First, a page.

NRA Motion for Divided Time Granted

I’m a bit surprised, because I thought it was a long shot. But it looks like the Court granted NRA’s motion in today’s orders. But they also denied the State Attorneys General’s motion:

McDONALD, OTIS, ET AL. V. CHICAGO, IL, ET AL. The motion of Texas, et al. for leave to participate in oral argument as amici curiae and for divided argument is denied. The motion of respondents National Rifle Association, Inc., et al. for divided argument is granted. The motion of Law Professor and Students for leave to file a brief as amici curiae is granted.

Does it mean anything that the Court denied the AG’s motion and accepted NRA? I have no idea. But I welcome other people who are familiar with the Supreme Court to comment.

13 thoughts on “NRA Motion for Divided Time Granted”

  1. I predict a messy split between due process and P&I. We’ll get our incorporaton but it will be on both terms. Hopefully this doesn’t screw up the result too much.

  2. Here is my read of this order:

    The Court (or anyway, the Heller majority) includes some Justices who are seriously interested in the Due Process argument for incorporation of the right to arms, but are leery of Gura’s Privileges or Immunities argument, which is more strictly correct from an originalist standpoint, but also more radical in its implications. The Justices want to make sure the Due Process argument is fully presented at oral argument, and the briefs have convinced them that NRA (Halbrook) will do this effectively, while Gura may not. (Gura’s brief did present the DP argument, but gave it somewhat short shrift.)

    In light of this move, I tend to think that there aren’t five Justices willing to accept Gura’s position.

    We will still probably get incorporation, but not under a P or I theory. The likeliest outcome is five votes for incorporation, but with no majority rationale for why. Here’s why I say that: Justice Thomas’s concurrence in Printz and his dissent in Saenz pretty clearly show that he does support P or I incorporation of 2A, but won’t go along with Due Process incorporation, which he regards (not unjustifiably) as b.s. On the other hand, at least one of the other four members of the Heller five (and probably more than one) will go along with DP incorporation but not P or I incorporation.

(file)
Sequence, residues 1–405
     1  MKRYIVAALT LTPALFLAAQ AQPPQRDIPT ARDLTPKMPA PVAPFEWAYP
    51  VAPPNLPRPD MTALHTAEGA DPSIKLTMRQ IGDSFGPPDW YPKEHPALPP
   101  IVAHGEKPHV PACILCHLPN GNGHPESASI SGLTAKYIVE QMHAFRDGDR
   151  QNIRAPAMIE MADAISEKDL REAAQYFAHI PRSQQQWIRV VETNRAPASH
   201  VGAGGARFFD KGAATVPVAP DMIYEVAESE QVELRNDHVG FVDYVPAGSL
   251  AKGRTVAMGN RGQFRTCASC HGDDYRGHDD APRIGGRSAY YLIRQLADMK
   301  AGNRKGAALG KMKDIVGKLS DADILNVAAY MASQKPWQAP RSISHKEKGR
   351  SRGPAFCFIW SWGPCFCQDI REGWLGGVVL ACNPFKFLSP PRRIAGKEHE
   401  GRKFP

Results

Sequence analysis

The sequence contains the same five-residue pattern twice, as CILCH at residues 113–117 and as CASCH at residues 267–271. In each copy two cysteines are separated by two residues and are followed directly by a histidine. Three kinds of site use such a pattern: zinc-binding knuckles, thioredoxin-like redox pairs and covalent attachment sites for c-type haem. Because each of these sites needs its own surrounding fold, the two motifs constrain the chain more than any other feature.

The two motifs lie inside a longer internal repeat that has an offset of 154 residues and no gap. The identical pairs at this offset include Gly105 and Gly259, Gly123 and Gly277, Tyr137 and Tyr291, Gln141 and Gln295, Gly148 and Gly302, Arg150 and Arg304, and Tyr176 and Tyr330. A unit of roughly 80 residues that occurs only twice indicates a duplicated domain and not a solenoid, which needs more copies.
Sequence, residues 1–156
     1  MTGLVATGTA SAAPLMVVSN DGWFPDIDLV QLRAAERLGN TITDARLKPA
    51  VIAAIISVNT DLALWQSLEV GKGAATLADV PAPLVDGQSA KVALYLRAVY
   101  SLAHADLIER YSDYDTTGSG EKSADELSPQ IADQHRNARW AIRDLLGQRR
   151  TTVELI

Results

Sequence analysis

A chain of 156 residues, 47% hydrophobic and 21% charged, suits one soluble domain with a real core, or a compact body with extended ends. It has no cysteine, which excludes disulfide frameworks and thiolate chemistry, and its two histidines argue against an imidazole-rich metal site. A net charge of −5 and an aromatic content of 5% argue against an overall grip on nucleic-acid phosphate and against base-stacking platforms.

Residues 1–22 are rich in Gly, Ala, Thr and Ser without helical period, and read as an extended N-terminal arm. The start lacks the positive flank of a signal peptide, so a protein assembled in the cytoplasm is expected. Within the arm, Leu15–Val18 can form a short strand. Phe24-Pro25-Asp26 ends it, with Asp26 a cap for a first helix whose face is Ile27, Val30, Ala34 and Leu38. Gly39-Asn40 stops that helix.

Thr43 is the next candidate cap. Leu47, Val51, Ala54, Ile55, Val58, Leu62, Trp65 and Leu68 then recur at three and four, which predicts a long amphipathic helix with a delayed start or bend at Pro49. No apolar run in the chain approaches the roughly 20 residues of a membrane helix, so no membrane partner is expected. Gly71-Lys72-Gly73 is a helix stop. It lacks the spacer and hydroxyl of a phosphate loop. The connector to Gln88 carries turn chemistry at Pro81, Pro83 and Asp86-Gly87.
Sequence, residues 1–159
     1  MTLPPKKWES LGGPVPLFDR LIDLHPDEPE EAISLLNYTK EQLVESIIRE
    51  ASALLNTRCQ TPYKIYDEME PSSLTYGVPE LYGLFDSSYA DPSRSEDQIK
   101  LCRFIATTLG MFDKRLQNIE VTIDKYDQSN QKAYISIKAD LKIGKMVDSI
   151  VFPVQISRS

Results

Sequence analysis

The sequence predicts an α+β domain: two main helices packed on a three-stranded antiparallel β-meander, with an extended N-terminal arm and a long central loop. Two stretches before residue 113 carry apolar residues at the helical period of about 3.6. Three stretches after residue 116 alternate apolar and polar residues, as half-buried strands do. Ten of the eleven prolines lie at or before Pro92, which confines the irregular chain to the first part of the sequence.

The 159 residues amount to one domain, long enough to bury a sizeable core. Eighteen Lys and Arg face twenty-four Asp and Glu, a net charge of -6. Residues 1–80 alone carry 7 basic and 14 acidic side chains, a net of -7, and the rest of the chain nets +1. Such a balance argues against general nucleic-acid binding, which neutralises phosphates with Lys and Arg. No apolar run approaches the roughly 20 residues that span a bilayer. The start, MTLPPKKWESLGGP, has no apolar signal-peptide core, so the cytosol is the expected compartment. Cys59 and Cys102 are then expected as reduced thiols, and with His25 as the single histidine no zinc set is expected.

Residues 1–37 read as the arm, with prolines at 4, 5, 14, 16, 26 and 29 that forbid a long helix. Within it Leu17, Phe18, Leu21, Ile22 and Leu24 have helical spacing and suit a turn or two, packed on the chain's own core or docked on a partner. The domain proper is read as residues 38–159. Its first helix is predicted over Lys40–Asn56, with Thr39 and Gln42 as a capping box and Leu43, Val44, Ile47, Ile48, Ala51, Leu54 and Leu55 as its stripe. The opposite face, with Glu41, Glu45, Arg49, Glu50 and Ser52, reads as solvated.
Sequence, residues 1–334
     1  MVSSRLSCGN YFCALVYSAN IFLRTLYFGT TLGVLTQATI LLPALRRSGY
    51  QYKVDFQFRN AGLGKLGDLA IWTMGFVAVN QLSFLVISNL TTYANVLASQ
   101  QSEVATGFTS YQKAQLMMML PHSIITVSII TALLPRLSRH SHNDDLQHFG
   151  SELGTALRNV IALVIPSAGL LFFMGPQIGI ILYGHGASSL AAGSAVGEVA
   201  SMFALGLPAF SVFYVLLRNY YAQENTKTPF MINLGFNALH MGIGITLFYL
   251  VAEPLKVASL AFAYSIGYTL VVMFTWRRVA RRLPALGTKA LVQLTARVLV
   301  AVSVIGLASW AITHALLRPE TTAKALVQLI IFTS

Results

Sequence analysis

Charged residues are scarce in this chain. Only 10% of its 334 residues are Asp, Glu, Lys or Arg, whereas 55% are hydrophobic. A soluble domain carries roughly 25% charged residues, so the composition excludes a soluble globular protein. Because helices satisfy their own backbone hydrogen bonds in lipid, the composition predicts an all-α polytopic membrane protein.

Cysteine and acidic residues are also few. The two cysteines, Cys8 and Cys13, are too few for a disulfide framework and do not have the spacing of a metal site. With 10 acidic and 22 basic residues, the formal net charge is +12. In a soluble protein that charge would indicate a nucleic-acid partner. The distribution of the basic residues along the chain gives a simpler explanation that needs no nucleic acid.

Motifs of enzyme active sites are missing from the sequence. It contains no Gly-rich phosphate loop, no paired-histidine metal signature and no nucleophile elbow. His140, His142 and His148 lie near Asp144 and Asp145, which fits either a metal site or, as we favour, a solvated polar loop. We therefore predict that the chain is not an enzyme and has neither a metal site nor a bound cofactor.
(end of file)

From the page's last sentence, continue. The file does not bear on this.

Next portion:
I have no beef with Gura, he’s a champion of liberty, but the NRA did the right thing by filing this motion.

  3. I’d feel better about Halbrook, frankly, given Clement’s argument in Heller for intermediate scrutiny. At least Halbrook is an expert on 14A.

  4. Sorry, I said “Halbrook” in the last comment, but in fact I believe former SG Paul Clement is representing NRA in the Chicago litigation.

    As for the denial of the state AGs’ motion for argument time, that’s not too surprising. The Court probably viewed that as a mere “me too” request. Since NRA’s motion for argument time was granted, the Justices could have confidence that the substance of the arguments for incorporation — under both P or I and DP — was now going to be fully presented by Gura and Clement.